13 Feb Ticks in Winter
Nobody wants to think about ticks but that’s exactly why you should start paying attention to them as winter marches into spring.
Believe it or not, blacklegged (deer) tick adults are not killed by freezing temperatures. If you are working or recreating outdoors in winter, check the ground to see if it’s unfrozen and check the temperature to see if it’s about freezing.
If your answer is yes to both, you may be at risk for a blacklegged tick encounter.
If you never had your yard sprayed for ticks, you can schedule your first treatment as soon as the snow is gone and the ground is unfrozen. Tick activity increases from March to May with May, June and July being most problematic.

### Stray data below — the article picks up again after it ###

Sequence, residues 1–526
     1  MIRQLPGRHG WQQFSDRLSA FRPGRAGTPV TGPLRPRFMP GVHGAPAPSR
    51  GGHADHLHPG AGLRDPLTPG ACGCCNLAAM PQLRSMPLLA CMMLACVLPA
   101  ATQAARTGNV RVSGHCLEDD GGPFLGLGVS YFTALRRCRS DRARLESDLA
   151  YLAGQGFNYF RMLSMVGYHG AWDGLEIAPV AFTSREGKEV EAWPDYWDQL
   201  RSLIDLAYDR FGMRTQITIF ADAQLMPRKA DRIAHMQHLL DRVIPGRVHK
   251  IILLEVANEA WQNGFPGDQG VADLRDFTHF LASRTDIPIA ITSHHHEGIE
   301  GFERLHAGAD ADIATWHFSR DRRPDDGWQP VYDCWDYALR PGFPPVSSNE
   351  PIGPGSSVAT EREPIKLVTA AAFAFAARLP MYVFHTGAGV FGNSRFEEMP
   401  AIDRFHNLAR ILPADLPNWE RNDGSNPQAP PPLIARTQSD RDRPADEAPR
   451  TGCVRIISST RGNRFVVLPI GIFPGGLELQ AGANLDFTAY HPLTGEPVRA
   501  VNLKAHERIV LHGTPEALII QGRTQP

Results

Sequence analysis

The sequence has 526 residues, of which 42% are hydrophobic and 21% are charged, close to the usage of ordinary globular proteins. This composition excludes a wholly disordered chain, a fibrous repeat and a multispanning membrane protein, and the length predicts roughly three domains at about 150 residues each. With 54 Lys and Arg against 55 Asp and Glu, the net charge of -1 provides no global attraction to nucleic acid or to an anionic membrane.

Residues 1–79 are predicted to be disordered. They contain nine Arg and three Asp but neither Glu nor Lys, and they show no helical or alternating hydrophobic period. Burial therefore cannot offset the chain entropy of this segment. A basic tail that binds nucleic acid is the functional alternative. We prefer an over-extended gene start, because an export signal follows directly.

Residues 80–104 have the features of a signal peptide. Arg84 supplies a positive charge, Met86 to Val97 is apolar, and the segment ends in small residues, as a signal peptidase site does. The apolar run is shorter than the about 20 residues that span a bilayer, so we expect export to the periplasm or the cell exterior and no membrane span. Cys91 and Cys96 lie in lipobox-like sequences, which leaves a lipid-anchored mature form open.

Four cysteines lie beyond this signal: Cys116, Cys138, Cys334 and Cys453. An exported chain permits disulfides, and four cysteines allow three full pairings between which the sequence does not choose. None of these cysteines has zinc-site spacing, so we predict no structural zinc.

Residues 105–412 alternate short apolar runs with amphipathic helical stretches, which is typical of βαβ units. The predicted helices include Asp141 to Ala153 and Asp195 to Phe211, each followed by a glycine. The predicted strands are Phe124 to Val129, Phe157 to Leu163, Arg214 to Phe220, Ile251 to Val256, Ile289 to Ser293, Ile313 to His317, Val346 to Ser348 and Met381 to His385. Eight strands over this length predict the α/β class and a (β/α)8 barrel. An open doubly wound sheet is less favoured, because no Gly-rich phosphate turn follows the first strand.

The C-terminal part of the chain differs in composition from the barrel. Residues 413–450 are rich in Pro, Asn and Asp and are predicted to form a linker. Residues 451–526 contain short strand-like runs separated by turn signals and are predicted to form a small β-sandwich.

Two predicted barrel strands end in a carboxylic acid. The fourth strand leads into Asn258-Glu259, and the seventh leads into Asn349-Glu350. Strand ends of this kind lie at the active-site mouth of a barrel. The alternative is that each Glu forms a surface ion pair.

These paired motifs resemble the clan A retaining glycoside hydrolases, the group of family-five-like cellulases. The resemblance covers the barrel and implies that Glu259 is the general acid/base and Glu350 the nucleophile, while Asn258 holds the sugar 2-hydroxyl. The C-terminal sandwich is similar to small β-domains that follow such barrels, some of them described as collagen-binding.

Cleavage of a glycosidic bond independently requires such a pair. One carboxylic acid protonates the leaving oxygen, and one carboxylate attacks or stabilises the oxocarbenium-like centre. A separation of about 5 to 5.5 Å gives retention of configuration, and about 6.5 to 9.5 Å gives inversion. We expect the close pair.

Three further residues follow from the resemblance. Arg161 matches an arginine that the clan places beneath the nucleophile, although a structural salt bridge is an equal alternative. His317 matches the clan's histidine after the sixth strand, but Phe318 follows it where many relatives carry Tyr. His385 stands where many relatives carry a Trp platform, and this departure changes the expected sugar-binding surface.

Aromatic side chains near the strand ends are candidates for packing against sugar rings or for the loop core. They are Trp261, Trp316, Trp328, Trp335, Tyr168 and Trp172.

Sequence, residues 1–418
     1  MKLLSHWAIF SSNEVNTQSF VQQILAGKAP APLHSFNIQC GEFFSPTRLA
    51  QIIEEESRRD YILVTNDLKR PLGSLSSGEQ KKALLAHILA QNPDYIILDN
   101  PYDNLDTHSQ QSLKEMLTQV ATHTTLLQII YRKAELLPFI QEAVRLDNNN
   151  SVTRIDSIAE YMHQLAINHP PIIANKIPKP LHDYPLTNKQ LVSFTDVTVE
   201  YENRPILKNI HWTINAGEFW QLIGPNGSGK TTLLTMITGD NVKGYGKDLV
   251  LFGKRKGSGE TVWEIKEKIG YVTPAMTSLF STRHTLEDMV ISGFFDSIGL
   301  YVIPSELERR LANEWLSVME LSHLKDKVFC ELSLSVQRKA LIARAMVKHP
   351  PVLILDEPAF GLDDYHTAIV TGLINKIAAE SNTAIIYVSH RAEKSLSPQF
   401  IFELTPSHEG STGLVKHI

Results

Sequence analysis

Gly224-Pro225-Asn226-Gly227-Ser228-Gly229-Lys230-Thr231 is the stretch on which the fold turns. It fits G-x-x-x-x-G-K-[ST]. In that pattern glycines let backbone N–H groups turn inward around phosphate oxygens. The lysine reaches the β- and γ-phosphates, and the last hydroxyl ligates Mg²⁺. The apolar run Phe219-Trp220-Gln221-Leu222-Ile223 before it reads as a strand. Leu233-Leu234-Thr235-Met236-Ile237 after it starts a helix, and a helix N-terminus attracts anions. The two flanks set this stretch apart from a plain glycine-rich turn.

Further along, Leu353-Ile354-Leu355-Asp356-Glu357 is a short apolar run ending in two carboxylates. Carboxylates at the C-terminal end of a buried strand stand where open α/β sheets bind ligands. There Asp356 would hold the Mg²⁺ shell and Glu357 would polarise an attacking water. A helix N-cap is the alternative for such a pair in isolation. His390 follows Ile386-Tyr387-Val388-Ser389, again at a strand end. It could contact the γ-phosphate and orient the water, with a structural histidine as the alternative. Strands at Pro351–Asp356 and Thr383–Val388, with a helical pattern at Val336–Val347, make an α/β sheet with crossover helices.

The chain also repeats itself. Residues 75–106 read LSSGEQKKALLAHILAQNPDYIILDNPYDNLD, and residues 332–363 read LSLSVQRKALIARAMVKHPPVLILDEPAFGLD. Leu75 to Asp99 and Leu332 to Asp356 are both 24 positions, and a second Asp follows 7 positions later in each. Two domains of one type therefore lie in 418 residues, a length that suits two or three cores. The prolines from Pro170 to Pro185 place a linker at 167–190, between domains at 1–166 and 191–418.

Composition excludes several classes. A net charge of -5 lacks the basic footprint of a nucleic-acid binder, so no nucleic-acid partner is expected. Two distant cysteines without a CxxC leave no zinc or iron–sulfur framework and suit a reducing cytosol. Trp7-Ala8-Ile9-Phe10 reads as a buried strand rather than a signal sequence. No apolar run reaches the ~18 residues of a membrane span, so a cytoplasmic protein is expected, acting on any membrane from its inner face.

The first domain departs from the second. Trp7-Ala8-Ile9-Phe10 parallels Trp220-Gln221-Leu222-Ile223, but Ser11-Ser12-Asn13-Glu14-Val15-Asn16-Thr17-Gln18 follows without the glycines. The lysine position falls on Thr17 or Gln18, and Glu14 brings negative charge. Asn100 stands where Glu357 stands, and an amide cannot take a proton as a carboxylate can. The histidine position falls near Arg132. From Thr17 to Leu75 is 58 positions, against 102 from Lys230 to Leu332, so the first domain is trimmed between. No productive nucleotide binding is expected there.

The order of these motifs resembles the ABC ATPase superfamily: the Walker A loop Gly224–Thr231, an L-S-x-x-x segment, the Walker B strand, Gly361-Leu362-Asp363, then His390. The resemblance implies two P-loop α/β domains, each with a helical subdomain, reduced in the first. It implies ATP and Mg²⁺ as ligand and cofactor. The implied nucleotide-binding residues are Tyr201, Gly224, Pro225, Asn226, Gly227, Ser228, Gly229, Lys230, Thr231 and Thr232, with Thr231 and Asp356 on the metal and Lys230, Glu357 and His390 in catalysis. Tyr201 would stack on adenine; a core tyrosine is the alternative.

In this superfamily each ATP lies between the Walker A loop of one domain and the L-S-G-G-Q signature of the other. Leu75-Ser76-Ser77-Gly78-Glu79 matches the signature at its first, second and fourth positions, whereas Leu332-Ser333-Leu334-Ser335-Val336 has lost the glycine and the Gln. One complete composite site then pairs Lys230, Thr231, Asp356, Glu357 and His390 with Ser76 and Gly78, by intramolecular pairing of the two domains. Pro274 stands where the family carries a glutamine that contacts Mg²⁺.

Ticks generally perch on the tips of long blades of grass or shrubs with their forelegs outstretched. When an animal brushes past them, they let go of the plant and climb onto the host to feed. Other than high grassy areas, you can find ticks in wooded area, leaf piles, fallen and low hanging branches and overgrown shrubs. Ticks are most commonly known to bite livestock, deer, raccoons, mice, squirrels, people, dogs and cats.
Unfortunately, there is evidence that we can’t let our guard down during any time of year and yes, you can get Lyme disease in the winter months.